LB review: Injuries, rookies sent unit downhill
Through the first few weeks of the season, it was all rainbows and lollipops for the Bears’ linebackers. Lance Briggs looked as good as ever and newcomers D.J. Williams and James Anderson were making plays against the run and pass.
Injuries struck, and everything fell apart for another Bears position that could see big changes in 2014. Linebackers coach Tim Tibesar was fired for its failures.
Williams tore his pectoral muscle in the win against the Giants and Lance Briggs missed seven games after fracturing his shoulder against the Redskins.
With Williams and Briggs out, the development of Jon Bostic and Khaseem Greene accelerated, and the run defense turned into the worst in the league. Through six weeks, the Bears were 12th in the league against the run, allowing 102.0 yards a game. They finished allowing 161.4 yards a contest.
Bostic and Greene struggled with the run and to make tackles, something Williams was doing at a high level before getting hurt. Briggs was the defense’s best player, making plays behind the line, but he wasn’t the same in his two games back at the end of the year.
As much as coach Marc Trestman and general manager Phil Emery wanted to talk about how good the ‘D’ was when Williams and Briggs were healthy, the team’s play without them is what will be remembered most.
2014 contract situations
Anderson and Williams both came to the Bears on one-year contracts last offseason. Williams received praise from Trestman and Emery in the Jan. 2 news conference, and despite his injury history, could be back to help shore up the run defense until the Bears find a long-term answer at middle linebacker. He said that he’d like to remain in Chicago.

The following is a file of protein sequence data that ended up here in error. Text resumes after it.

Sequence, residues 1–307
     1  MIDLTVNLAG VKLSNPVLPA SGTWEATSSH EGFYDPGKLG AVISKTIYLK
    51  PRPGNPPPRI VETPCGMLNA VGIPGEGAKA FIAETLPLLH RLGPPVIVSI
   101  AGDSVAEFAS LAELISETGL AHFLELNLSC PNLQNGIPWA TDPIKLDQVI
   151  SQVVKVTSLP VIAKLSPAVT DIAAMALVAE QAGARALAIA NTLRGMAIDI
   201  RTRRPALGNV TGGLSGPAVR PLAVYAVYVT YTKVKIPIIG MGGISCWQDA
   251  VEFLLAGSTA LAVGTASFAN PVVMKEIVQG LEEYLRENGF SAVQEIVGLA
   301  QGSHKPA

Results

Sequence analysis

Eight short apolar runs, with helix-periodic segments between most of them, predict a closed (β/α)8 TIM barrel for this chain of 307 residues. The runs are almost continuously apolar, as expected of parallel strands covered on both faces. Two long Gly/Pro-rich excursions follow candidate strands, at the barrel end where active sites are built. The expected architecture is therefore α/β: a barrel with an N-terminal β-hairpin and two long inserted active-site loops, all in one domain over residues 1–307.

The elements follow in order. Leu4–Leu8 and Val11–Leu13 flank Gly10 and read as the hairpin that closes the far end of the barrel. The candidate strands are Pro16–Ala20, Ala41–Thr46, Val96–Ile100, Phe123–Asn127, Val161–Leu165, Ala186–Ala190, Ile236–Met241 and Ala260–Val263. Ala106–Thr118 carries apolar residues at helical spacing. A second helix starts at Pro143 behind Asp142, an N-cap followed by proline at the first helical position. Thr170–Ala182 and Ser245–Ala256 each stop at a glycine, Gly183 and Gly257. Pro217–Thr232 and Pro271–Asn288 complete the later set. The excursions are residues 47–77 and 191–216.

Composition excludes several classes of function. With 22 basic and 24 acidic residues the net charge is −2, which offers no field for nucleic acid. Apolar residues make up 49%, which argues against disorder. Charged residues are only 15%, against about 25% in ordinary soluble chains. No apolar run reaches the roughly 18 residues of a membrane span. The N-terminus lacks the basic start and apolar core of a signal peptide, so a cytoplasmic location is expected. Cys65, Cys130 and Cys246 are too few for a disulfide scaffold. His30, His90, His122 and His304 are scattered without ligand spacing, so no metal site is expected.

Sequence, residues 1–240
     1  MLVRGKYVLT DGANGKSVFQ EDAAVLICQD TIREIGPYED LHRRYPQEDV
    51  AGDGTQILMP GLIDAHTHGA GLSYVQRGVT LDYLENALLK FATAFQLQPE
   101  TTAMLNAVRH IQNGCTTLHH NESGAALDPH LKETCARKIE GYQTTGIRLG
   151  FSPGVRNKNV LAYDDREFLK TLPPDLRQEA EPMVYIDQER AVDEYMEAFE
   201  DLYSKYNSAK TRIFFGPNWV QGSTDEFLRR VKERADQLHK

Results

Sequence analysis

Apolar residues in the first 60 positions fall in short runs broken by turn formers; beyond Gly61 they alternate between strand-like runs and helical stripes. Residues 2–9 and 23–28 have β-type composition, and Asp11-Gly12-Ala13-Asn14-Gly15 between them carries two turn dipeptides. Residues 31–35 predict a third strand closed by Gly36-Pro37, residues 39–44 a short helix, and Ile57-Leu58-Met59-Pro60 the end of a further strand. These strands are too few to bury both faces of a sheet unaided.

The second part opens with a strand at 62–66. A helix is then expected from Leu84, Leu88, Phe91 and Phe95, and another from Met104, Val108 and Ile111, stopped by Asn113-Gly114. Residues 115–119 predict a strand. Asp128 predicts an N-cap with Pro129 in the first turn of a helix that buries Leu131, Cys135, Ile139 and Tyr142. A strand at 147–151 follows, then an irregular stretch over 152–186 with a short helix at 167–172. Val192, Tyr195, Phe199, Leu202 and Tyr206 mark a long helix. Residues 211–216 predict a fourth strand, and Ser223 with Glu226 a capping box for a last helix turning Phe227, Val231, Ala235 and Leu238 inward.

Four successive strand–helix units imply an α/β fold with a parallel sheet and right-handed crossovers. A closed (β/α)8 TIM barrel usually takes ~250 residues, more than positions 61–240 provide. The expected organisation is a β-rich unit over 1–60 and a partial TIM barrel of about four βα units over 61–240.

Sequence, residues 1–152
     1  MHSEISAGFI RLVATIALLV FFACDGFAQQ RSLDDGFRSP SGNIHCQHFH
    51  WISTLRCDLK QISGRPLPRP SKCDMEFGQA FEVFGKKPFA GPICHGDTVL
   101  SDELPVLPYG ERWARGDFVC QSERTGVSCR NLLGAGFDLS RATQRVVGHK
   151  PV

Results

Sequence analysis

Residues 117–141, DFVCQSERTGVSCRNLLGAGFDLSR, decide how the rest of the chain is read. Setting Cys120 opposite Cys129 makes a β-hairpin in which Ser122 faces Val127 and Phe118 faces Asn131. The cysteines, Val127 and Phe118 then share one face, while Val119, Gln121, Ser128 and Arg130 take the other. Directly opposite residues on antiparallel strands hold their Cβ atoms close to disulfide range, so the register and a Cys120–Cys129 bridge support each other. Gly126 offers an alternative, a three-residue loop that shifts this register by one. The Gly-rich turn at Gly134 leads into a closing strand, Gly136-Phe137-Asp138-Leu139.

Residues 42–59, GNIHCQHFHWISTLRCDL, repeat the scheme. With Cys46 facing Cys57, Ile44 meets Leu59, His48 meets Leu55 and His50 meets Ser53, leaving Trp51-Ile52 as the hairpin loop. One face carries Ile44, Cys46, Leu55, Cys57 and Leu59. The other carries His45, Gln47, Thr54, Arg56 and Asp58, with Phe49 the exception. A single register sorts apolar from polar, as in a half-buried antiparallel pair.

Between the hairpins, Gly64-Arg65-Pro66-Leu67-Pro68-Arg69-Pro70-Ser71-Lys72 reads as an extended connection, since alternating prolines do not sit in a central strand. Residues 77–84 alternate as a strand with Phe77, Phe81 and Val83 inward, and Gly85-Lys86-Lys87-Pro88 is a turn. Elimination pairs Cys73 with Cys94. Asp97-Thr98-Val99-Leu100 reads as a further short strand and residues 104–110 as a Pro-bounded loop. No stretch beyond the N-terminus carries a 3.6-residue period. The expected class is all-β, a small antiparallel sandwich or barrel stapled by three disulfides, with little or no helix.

Anderson’s return is likely more in doubt. He was a good veteran presence, but if the Bears move Shea McClellin to ‘Sam’ linebacker to compete with Greene, they may not be able to bring back Anderson, who was great in coverage and had some stops behind the line but was on the field for almost every play for the miserable run defense.
Special-teams veteran Blake Costanzo will be a free agent. Briggs is entering the final year of his deal in 2014.
Is Bostic’s future on the outside? It sure seems that way, based on Emery’s comments, but that still leaves a gaping hole in the middle if Williams isn’t re-signed. Bostic could be Briggs’ heir apparent on the weak side. As with the D-line, we’ll know more when we have an idea of what defensive coordinator Mel Tucker envisions for his scheme next season.
All that we pretty much know about this position for 2014 is that Briggs will be starting ... somewhere. Outside of that, it’s clearly a need to find players who bring the physicality and athleticism Emery likes in his prospects, as well as players who understand run gaps and make sure tackles.
The Bears have four linebackers on the roster for next year, three who are candidates to start, so it appears to be a better situation than some other positions on defense. But that doesn’t mean there are not question marks everywhere.